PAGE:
Cause for celebration

By Dan White – Special to the Sydenham Current

This week let’s talk celebration!

At the municipal council meeting on April 29 a motion to support the Chatham Kent Arts and Culture Network (CKACN) for $25,000 per year for 3 years was unanimously approved.

The funds come from the Hydro One fund and therefore have no tax impact.

The impact it does have is offering the CKACN financial stability and the opportunity to develop programs that assist and promote arts across CK.

For the past several months we have been considering ideas but with limited cash we have been reluctant to actively plan more than our Oct 23, 2024 Heroes event which has been sponsored for all 3 years by Waste Connections Canada.

With the new funding we can build on this, not only can we showcase talented artists with CK roots or significant connections, we can create an event that rivals the many celebrations of athletes across our community through their sports halls of fame with our Wall of Fame Heroes of Arts and Culture.

This year that committee has already added an emerging youth artists scholarship of $1,000 which we are sponsoring for its inaugural year.

We understand the importance of encouraging and supporting young talent in CK to continue to build and grow the incredible base of talent throughout this community.

If you are, or know, a gifted young artist that is secondary school age, meander over to our CKACN Facebook page for the application.

We will also build on our incredibly successful Studio Tour.

In 2023 we had around 16 artists invite people into their creative spaces.

In September of 2024 we have 31 artists signed up and we now have the financial ability to truly promote that project and support our local artists.

We have been invited to host a gathering of artists from across Southern Ontario by the Alliance of Arts Councils of Ontario.

Creating an event that brings artists from Sarnia Lambton through to Windsor Essex to Chatham Kent to talk arts and brainstorm ways to improve the quality of life for everyone across the south.

An exciting opportunity to pursue!

With this 3-year commitment by council they are showing that they understand the value of arts and culture in our community and as a board of directors we are committed to finding creative ways to generate $3 of value for every dollar invested.

The next reason to celebrate is that the new season of the Stratford Festival has opened!

While supporting local artists and celebrating excellence in the arts in your own community is paramount, experiencing world class entertainment is invaluable to the ability to set standards, elevate your skills and set lofty goals for your local arts.

Full disclosure – I love Shakespeare, I have since 1976 when my grade 8 class from Mooretown PS attended The Merchant of Venice.

I could not afford the ticket for the class trip but the school custodian heard that I wanted to go and made me a deal; help with spring gardening and he would pay for my ticket.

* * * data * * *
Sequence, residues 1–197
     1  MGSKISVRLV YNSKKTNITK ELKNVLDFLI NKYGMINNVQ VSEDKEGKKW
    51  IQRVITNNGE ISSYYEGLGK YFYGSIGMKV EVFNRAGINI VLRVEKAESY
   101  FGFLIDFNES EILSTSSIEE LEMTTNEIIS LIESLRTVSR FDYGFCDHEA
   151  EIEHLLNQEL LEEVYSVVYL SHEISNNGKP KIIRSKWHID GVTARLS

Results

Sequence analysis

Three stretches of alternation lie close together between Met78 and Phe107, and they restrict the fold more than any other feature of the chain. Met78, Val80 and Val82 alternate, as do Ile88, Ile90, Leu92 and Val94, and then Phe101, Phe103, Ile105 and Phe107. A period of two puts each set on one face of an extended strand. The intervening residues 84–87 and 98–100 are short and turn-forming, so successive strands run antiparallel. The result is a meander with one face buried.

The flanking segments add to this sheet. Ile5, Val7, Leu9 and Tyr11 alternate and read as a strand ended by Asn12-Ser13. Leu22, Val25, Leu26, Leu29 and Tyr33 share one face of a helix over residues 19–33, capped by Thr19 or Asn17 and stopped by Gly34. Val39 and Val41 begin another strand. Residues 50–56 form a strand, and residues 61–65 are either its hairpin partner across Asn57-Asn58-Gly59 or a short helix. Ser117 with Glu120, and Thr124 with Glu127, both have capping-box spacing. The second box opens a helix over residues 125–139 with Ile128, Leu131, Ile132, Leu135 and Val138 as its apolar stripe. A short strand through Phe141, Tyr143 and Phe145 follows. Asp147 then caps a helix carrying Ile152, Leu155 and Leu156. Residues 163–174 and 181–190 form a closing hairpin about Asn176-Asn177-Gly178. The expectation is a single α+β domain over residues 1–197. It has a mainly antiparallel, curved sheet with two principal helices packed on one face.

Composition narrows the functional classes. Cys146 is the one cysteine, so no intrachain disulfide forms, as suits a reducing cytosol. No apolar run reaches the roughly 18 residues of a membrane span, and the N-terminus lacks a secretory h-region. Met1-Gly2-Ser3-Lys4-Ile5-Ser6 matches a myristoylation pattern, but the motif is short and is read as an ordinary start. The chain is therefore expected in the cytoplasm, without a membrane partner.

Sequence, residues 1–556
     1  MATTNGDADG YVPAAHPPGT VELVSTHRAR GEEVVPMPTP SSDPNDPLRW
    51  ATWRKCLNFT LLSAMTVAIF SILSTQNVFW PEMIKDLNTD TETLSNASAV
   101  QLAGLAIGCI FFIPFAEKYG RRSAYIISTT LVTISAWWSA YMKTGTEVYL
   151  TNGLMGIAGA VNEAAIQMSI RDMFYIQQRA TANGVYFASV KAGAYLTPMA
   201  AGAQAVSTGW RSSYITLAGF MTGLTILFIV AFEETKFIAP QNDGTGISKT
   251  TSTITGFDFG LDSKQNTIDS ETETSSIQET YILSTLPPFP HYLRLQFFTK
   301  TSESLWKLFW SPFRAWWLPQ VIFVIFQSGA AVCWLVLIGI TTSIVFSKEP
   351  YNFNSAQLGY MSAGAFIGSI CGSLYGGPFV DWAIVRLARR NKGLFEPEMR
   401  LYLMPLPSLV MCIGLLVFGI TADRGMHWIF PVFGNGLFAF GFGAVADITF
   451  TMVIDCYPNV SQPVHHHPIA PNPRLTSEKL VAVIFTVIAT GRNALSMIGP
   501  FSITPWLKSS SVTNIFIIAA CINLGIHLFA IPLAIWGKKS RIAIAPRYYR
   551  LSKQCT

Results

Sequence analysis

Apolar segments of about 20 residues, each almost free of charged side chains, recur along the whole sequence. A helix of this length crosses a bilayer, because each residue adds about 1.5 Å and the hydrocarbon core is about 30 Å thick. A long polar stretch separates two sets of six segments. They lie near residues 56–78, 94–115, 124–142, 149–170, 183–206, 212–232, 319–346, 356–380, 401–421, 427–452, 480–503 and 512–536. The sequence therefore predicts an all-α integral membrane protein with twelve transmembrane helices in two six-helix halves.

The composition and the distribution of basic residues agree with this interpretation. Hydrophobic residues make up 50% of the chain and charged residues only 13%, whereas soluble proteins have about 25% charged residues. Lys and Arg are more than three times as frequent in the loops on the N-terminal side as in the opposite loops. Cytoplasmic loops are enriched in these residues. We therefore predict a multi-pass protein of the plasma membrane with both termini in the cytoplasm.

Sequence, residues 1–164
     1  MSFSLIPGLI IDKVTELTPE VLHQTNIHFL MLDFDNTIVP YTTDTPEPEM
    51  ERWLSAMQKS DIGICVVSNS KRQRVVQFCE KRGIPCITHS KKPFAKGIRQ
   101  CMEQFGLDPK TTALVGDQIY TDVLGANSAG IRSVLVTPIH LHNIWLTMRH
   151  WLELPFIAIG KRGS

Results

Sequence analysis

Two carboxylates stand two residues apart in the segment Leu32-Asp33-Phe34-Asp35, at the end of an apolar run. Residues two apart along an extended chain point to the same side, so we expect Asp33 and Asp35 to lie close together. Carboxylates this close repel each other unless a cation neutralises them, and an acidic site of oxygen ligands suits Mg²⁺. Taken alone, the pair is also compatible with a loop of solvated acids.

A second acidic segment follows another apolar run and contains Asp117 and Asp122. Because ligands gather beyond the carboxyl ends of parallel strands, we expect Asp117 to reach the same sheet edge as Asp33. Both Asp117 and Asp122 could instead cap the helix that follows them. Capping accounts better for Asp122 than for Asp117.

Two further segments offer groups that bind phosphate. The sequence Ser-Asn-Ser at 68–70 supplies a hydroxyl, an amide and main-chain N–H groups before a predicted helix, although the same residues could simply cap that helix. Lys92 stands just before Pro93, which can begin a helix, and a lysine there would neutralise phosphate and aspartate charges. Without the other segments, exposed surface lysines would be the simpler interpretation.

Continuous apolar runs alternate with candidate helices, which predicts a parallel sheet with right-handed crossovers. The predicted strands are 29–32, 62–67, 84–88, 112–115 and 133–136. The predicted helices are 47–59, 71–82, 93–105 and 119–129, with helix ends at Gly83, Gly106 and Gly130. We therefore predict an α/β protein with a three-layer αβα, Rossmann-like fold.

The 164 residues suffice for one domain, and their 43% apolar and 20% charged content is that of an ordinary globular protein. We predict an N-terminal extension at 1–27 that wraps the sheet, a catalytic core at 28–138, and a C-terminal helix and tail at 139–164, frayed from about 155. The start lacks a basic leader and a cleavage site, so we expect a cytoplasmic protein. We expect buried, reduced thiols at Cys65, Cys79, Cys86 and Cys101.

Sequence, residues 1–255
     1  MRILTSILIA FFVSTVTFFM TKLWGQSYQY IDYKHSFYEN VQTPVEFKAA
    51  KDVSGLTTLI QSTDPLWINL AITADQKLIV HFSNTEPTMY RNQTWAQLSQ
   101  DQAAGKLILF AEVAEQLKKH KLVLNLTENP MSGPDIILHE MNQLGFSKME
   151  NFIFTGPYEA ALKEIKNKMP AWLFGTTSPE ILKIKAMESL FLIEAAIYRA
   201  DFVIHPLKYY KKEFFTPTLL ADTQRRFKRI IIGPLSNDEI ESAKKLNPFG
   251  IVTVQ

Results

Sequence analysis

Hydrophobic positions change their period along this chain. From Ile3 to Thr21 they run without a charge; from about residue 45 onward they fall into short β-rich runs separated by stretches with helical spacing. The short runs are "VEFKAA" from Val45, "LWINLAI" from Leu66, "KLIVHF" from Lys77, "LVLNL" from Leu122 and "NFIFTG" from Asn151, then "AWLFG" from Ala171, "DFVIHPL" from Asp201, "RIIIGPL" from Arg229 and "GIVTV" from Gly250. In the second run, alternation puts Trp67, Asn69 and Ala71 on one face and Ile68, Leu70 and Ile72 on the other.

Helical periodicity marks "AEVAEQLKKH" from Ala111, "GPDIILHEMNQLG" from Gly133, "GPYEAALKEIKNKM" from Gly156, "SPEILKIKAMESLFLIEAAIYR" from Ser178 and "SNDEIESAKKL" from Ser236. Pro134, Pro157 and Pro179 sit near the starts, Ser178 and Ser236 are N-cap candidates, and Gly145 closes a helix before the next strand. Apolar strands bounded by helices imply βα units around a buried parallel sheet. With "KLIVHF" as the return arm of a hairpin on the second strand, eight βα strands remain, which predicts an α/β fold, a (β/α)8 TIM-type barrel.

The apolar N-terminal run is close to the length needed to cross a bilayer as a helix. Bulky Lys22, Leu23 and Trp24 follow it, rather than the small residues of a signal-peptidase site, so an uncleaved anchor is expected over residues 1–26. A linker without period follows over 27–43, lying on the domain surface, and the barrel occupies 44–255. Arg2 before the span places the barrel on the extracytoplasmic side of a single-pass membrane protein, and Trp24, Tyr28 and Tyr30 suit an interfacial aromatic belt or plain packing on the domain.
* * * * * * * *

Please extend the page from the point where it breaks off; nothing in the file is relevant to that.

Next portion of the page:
I never looked back.

A little work has never bothered me and I was never a cool kid, so saving face was not an issue.

This year marks the 48 th consecutive year I have attended at least one show.

But Shakespeare is not the only option in Stratford.

Take a look at the season.

Joni and I started our season with La Cage Aux Folles, the musical farce first performed in 1973 was “a groundbreaking farce, the first play to have a same-sex couple as the main romantic couple.” (Credit: Program Notes by Katie Gilson Clark) This show is wonderfully entertaining, funny and poignant.

Throughout the show the theme of learning to be yourself reverberates through the production.

Drag Queen Albin, played brilliantly by the talented Steve Ross states, “I am who I am.” In our contemporary society with deep divisions in ideologies this show offers a humorous look at people struggling to be themselves.

The dancing was stellar, fun, energetic and flawless.

The singing was wonderful, costumes brilliant.

The pinnacle for us was the acting.

I have seen shows in Stratford where the cast seemed to be mailing in the performance or the direction seemed to suck the life out of the show.

Steve Ross and Sean Arbuckle were fabulous together playing off of each other masterfully.

(I have never seen Steve Ross do anything that wasn’t a standout performance.) They are complimented perfectly by the ridiculously over the top Chris Vergara as Jacob.

The three of them alone are worth the drive to Stratford.

Honestly, there was not a weak link in this stellar cast.

We would see it again.

Finally, the show would be lacking without the work of the brilliant musicians in the pit and the gifted scenic carpenters, including our friend Mark Smith.

Joni and I actually happened upon trombonist Janice Owens and, like most truly gifted artists, she was happy to stop and talk about the show and truly appreciated the review of the show by a couple of strangers on the street as she made her way from the theatre.


May 25 at Trinity United Church, 2 pm – Wallaceburg Brass Quintet and Friends present a wide variety of wonderful music – free

May 31 at Wallaceburg Christian Reform Church, 7 pm – Gavin Warren presents his final recital until the fall. – $20 at the door

May 23 – 25 at The Kiwanis Theatre, Theatre Kent presents “You’re a Good Man Charlie Brown” tickets at

June 1 at St Andrews Church, Chatham – the finale of the Saturday’s at 7 concert series.

June 2 in Buxton the Wallaceburg Concert Band presents, Rock Roll and Remember – encore performance – free

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